Figure 9.8 Stratigraphie ranges of the main foraminiferan groups. (Based on various sources.

spine pore cortical shell cortical shell spine pore

medullary shells bar


Figure 9.9 Descriptive morphology of the radiolarians.

medullary shells bar

mDoom tmoaa

. joint chambered lattice shell tripod


Figure 9.9 Descriptive morphology of the radiolarians.



The acritarchs are a mixed bag of entirely fossil, hollow, organic-walled microfossils that are impossible to classify. The acritarchs are probably polyphyletic; they include a wide range of forms, probably representing the cyst stages or resting phases in the life cycles of various groups of planktonic algae. Funda mental work on the group by Alfred Eisenack (1891-1982) initially suggested that these tiny fossils were the eggs of planktonic invertebrates; however, later he considered the group to be fossil members of the phytoplankton, plants rather than animals. William Evitt of Stanford University, in establishing the scope of the group in the early 1960s, noted that his term "acritarch" (meaning "uncertain origin")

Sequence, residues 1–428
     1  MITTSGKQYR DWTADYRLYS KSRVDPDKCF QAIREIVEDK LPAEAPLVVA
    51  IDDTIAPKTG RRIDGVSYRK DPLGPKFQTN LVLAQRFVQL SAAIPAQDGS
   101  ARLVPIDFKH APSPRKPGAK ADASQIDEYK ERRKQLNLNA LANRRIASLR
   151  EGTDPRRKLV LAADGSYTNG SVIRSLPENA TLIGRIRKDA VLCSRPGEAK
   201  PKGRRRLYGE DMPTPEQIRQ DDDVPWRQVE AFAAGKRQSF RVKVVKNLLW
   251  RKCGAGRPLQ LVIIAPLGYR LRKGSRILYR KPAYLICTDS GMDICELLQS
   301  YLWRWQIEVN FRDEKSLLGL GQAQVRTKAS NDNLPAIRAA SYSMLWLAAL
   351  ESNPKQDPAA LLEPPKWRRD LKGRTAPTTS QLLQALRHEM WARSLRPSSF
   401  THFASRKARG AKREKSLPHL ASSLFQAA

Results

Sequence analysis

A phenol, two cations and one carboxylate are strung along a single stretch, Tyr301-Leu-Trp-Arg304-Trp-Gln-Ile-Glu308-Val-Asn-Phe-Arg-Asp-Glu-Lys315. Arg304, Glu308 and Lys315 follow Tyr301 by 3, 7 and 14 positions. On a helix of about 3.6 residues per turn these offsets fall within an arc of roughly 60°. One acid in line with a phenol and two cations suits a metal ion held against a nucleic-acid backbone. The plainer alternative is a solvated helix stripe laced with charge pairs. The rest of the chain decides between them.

Box 9.5 Classification of the radiolarians

The classification of the radiolarians is currently in a state of flux. Six orders are recognized (De Wever et al. 2001).


• Mid Cambrian to Silurian Order ALBAILLELLARIA

• Late Ordovician to Late Silurian or ?Devonian Order LATENTIFISTULARIA

• Early Carboniferous (or earlier?) to Permian Order SPUMELLARIA

• Paleozoic (precise age uncertain) to Recent Order ENTACTINARIA

• (?Cambrian), Ordovician to Recent Order NASSELLARIA

• (?Late Paleozoic), Triassic to Recent

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